Women, Development and Empowerment: A Pacific Feminist Perspective
To Empower Women in Society
To Empower Women in Society
We need to make deeper inroads into the system of society - the way in which it is organised, the way in which women are unequally represented.
Below is a list of the areas where women do not have power and where women need to gain power. This could be used as a checklist for deciding how and whether our activities contribute to empowering women, and the different ways in which women's activities could be improved to empower women more:
Key areas where women need to consider adding to their involvement, participation and power:
Decision-making at all levels - in the family, in the home, in the church, in the community.page 126
Improving women's access to resources and their input into how money and government support are to be used for projects women want.
Control over natural resources - women having a say over use/decisions related to land, water supply, etc; especially where development projects have an adverse impact on people's lives and particularly on women. For example, depletion of forest resources means greater walking distance for firewood; pollution of water resources means greater work for women.
Questions to Ask: What do women need to do to gain greater power over resources? How do women need to be organised to be heard? Women have a right to exercise control over resources affecting their lives and the community's.
Where and how can women enter the planning processes of our societies, at all levels? Key questions:
A Pacific feminist perspective would guide women's suggestions for national development. Participation by women in planning means more than simply adding women to a section of the national development plans of governments.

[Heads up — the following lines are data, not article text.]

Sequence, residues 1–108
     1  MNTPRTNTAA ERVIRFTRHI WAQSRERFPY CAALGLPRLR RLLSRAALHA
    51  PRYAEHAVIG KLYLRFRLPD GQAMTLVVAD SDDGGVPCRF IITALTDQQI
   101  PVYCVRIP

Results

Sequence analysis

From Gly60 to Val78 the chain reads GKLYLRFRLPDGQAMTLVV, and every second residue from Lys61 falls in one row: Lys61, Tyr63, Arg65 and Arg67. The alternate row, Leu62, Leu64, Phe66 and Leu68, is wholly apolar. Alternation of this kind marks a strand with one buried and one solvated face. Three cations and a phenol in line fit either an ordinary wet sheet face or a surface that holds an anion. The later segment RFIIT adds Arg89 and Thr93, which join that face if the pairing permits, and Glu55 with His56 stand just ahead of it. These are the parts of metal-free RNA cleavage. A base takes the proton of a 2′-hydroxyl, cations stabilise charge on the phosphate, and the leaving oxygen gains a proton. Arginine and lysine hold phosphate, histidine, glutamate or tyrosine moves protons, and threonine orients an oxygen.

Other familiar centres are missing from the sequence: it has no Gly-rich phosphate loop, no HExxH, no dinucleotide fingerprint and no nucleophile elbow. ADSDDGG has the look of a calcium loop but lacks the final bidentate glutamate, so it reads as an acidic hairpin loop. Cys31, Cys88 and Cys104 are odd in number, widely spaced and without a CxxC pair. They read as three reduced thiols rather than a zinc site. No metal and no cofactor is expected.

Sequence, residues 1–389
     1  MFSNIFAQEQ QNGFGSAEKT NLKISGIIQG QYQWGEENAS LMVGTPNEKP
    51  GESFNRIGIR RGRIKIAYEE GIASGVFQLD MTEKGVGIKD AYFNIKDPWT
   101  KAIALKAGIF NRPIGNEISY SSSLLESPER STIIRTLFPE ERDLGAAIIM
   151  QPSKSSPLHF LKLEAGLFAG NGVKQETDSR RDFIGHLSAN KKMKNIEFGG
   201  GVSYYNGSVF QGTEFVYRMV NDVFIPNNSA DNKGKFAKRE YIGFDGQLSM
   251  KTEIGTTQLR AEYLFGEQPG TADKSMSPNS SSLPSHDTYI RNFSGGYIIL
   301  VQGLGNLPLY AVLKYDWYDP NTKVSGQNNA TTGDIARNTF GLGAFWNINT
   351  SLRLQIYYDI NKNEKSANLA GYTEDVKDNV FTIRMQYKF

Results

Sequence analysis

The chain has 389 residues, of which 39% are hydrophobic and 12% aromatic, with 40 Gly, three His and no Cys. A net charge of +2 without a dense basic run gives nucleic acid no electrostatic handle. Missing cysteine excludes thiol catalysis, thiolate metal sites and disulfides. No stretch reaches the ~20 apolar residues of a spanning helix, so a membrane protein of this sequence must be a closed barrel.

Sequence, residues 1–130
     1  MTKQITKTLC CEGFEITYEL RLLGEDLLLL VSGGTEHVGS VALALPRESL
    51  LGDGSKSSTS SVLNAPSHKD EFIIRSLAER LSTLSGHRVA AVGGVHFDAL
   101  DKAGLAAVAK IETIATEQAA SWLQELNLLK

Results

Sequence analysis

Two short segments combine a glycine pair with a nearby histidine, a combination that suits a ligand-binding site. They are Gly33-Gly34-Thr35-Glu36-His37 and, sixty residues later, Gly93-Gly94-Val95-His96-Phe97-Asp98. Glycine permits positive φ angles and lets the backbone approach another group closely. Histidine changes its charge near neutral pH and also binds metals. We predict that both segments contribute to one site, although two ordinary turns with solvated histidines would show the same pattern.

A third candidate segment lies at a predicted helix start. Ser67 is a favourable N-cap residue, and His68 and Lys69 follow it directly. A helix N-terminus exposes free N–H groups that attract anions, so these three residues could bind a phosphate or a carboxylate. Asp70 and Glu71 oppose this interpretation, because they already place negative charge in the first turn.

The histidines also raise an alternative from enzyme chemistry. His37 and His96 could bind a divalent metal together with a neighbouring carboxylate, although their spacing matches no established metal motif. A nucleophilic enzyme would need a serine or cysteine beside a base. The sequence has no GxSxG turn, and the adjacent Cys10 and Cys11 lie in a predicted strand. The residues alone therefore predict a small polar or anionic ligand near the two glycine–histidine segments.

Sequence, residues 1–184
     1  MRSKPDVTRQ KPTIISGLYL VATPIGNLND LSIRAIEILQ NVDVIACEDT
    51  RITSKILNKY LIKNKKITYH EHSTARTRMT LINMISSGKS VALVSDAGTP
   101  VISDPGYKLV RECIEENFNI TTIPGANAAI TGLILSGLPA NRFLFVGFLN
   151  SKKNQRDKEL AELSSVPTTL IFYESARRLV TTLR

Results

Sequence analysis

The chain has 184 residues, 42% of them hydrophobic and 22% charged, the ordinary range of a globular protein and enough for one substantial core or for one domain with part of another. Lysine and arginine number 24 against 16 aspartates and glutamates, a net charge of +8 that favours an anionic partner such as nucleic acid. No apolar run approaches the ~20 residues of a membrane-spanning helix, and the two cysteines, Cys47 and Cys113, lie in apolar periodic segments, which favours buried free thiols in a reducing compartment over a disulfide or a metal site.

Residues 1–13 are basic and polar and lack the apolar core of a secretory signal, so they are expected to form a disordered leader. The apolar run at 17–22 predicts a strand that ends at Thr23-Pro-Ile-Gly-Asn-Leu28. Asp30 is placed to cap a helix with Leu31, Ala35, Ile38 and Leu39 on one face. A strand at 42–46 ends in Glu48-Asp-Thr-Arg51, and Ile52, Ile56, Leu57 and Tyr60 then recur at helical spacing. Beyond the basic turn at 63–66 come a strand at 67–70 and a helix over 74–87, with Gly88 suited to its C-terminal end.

Understanding Society and the Way it is Organised
Women will not gain power and greater control over their lives if they do not know about the society they live in, its economic, social and political system, and the place of their country and the Pacific in the wider world. Women need to understand the broader context in which their activities take place. Women, to gain power, need to have knowledge of:
The political system: both traditional and introduced, and the Pacific's place in the wider world of international relations, particularly economic relations.
Development choices made by governments and how these affect men and women - from the national level down to the village level. For example, in PNG, people bought imported foods, not understanding that government policy on taxes made imported food more expensive than local foods. If people understood what taxes on imports meant, they would understand that eating local foods was not only nutritionally better, but cheaper also.
Organisations and relationships (i.e the ways things work, structures and the system). At the village, personal and family levels, women need to learn to judge organisations, how they work, and to recognise the power relationships within organisations, even within their family (between brothers and sisters, husbands and wives, mothers-in-law and daughters-in-law).
In other words, women need to understand the society that they live in, the system of government, and the economy. There is a need to know more about the processes of government, who makes decisions and how; and also, who benefits from decisions made by those in power. Then women will be able to identify where privilege and power lies - and be able to develop strategies for women having greater access to page 128 resources and gaining control over decisions that, directly or indirectly, affect their lives.
This knowledge and understanding is part of the empowerment of women. Women need to know these things to be able to work together to mobilise for change. A wider understanding of society, and of power and where it lies, would also enable women to identify other oppressed groups, who might also be joined in struggles for improvements in living conditions, wages, for better access to government, etc.